Record efficiency for perovskite-based light-emitting diodes

Efficient near-infrared (NIR) light-emitting diodes of perovskite have been produced in a laboratory at Linköping University. The external quantum efficiency is 21.6 percent, which is a record. The results have been published ...

When changing one atom makes molecules better

The development and improvement of pharmaceuticals plays the central role in the ongoing battle against human disease. Organic synthesis is the field that enables these developments as it offers the toolbox to diversify chemical ...

Lightweight of periodic table plays big role in life on Earth

Although hydrogen is the lightweight of the chemical elements, it packs a real punch when it comes to its role in life and its potential as a solution to some of the world's challenges. As we celebrate the 150th anniversary ...

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Hydrogen atom

A hydrogen atom is an atom of the chemical element hydrogen. The electrically neutral atom contains a single positively-charged proton and a single negatively-charged electron bound to the nucleus by the Coulomb force. The most abundant isotope, hydrogen-1, protium, or light hydrogen, contains no neutrons; other isotopes contain one or more neutrons. This article primarily concerns hydrogen-1.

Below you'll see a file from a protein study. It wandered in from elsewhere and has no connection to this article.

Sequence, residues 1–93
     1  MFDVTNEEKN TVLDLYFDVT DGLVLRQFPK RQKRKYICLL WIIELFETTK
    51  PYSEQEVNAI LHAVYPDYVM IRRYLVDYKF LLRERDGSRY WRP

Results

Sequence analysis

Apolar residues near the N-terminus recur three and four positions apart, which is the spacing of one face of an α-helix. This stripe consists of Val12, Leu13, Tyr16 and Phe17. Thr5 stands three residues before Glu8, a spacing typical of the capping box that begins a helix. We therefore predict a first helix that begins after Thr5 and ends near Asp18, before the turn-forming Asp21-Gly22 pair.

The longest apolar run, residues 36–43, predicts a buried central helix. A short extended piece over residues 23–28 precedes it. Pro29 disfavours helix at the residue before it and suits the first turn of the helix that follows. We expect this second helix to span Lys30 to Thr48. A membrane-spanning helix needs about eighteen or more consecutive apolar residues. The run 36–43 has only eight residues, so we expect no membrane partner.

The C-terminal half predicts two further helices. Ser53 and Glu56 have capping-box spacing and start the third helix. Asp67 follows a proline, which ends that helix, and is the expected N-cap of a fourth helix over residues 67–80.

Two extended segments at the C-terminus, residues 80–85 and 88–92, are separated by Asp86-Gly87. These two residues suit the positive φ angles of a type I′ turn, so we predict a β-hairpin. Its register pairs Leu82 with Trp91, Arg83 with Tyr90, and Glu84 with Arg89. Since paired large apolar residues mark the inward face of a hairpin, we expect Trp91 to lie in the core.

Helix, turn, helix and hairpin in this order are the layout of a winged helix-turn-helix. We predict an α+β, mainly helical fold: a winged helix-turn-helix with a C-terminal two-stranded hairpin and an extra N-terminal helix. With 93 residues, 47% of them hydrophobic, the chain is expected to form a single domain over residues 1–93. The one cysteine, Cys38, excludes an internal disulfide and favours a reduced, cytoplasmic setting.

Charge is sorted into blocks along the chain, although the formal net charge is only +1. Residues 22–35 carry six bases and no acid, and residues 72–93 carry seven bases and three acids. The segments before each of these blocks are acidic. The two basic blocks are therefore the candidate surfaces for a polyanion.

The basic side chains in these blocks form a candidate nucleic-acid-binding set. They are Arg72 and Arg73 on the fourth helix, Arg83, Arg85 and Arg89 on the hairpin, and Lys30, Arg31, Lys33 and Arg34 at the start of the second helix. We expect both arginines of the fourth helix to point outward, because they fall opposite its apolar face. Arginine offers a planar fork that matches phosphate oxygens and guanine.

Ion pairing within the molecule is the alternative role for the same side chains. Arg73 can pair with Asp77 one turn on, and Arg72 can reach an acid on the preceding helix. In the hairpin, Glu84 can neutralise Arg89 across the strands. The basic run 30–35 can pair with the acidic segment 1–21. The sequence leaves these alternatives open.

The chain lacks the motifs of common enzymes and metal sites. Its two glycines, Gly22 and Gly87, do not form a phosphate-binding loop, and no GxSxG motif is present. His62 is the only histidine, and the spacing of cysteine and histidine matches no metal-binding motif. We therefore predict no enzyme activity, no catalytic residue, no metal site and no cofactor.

The hydrogen atom has special significance in quantum mechanics and quantum field theory as a simple two-body problem physical system which has yielded many simple analytical solutions in closed-form.

In 1914, Niels Bohr obtained the spectral frequencies of the hydrogen atom after making a number of simplifying assumptions. These assumptions, the cornerstones of the Bohr model, were not fully correct but did yield the correct energy answers. Bohr's results for the frequencies and underlying energy values were confirmed by the full quantum-mechanical analysis which uses the Schrödinger equation, as was shown in 1925/26. The solution to the Schrödinger equation for hydrogen is analytical. From this, the hydrogen energy levels and thus the frequencies of the hydrogen spectral lines can be calculated. The solution of the Schrödinger equation goes much further than the Bohr model however, because it also yields the shape of the electron's wave function ("orbital") for the various possible quantum-mechanical states, thus explaining the anisotropic character of atomic bonds.

The Schrödinger equation also applies to more complicated atoms and molecules. However, in most such cases the solution is not analytical and either computer calculations are necessary or simplifying assumptions must be made.

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